Adapted and Directed by Matt Mitler; Based on William Shakespeare's Macbeth
Produced by Dzieci Theater Company
Off Off Broadway, Adaptation
Runs through 10.18.15
Sure We Can, 219 McKibbin Street, Bushwick
by Aiden Dreskin on 10.6.15
Yvonne Brecht, Matt Mitler, Megan Bones and Jesse Hathaway in Makbet. Photo by Sancar Ayalp.
BOTTOM LINE: A strange and exciting telling of an old story that gets a little lost in translation.
At the Sure We Can redemption center in Bushwick, a tiny world is being crafted—a world so tiny, in fact, that you could fit it into a metal shipping container with a few dozen audience members and still feel like you’re watching a story that spans many miles. If you arrive in time for the pre-show, you’ll be greeted by the “Gypsies” of Dzieci Theater Company, gathering around a trashcan fire and playing eastern European folk music, entrenched by small mountains of recyclable goods on all sides. They’ll teach you a song or two and pass around a bottle of vodka to help bring your mind into their world, before eventually inviting you into the red, metal box where the rest of the show takes place.
The conceit of Makbet is to tell a version of Shakespeare’s Macbeth, with a few rules to constrain the actors in what is otherwise an entirely improvisational performance every night: All the actors have memorized the entire text, they can and will switch roles with each other periodically, and three members of the troupe will play every character in a given performance. What ensues is a lively, thrilling experience that feels as much like a children’s game as a carefully considered ritual. I didn’t have to be sitting within ten feet of the actors to tell how much joy they derived from taking part in this production, even those who didn’t actually get to perform in roles on this specific night.
With the entire cast in attendance, regardless of which three take on the characters of the play, the ensemble works together to create a rich soundscape through music, vocals, and percussion, utilizing a variety of instruments, props, and lamps to shape the world around the performers. Dzieci has done a thorough job of creating rules for their games that the audience can pick up on and learn from, informing every moment of the play with the design aspects at work around them.
The only sources of light in the space are one hanging light in the center and a plethora of electric lamps which the actors carry and manipulate to light one another. The specific, targeted choices of where to shine light and what to leave in the dark paints an interesting visual at all times, especially in relation to the themes of deceit and vulnerability implicit in the text they are working with.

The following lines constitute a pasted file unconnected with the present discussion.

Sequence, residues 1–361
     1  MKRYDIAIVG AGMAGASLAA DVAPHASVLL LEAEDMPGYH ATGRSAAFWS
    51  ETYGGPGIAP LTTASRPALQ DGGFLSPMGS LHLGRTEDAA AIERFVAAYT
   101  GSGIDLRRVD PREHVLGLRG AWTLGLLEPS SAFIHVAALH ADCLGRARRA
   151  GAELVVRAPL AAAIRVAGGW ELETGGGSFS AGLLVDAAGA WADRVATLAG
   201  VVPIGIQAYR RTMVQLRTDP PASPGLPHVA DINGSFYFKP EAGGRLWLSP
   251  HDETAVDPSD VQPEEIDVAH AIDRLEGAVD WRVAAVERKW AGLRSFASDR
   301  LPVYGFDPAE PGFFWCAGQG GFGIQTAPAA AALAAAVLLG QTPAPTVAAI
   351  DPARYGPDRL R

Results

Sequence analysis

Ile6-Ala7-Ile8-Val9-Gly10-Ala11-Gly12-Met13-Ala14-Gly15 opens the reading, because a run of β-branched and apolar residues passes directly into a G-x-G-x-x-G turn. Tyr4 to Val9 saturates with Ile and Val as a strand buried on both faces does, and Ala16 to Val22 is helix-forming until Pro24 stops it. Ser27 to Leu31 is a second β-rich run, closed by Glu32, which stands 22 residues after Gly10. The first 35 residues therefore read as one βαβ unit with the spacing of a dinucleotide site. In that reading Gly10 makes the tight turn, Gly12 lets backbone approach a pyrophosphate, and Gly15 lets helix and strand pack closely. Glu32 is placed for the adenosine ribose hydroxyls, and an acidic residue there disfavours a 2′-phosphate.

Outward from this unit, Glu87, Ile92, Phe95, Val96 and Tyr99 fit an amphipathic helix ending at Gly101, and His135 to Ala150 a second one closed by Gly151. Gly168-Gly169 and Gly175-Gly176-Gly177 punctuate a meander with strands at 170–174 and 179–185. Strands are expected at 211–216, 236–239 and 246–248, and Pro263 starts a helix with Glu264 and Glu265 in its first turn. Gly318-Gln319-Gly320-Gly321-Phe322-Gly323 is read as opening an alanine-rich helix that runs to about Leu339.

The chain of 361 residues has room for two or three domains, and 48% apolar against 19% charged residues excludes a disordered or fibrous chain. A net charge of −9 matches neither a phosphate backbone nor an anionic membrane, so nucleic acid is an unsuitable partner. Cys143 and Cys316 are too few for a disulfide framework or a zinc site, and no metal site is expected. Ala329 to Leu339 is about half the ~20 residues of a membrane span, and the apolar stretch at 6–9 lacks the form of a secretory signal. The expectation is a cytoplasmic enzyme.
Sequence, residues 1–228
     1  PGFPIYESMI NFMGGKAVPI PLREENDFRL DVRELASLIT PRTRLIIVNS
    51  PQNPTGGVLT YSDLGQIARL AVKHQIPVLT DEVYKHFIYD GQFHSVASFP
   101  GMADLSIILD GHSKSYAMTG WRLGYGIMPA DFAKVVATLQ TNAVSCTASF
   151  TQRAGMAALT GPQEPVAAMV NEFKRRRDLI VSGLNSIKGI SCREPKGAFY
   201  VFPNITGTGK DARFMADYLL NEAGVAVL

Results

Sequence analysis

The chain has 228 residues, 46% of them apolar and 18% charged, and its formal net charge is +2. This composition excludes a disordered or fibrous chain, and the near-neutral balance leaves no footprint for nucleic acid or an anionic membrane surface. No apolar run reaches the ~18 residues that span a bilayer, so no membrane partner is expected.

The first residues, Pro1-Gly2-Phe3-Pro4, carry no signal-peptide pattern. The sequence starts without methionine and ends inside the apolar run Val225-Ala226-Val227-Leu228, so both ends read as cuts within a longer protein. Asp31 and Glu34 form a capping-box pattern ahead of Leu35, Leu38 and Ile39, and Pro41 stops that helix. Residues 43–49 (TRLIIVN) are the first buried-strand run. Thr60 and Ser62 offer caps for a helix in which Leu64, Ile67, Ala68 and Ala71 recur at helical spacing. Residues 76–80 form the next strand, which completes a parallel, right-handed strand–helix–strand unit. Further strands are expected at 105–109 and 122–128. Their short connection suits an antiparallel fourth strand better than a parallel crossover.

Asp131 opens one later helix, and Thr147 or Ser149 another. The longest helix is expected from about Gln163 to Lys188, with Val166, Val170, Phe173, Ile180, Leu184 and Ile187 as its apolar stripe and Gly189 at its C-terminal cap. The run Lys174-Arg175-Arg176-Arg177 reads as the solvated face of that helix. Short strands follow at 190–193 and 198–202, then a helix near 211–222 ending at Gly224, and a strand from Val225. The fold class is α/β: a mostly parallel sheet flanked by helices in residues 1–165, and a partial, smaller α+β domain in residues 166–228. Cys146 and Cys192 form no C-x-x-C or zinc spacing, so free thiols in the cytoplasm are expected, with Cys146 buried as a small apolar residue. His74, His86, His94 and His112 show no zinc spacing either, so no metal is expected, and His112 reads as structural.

All of the design choices are strong and impactful, so much so that they often, unfortunately, overpower the story and the text itself. The rabid enthusiasm that Dzieci has applied to the frame of the piece and the different storytelling elements (including their thick Russian accents) goes a long way towards illustrating the world and immersing their audience in it, but it was difficult, at times, to discern what was actually happening because of how exciting and distracting the design choices were. Lines of text are drowned out by echoing, percussive banging on the walls; actions important to the plot are missed because of the level of ritual that is applied to the transitions around them.
Ultimately, Makbet is a fun experience, and a provocative sample of experimental storytelling, but not an effective depiction of the classic tale of the Scottish king. I would recommend it to people who are interested more in how the story is told than the details of the story itself.
(Makbet plays at Sure We Can, 219 McKibbin Street in Bushwick, through October 18, 2015. Performances are Thursday through Saturday at 7, and Sunday at 4pm. Tickets are $10 at the door. For more info visit dziecitheatre.org.)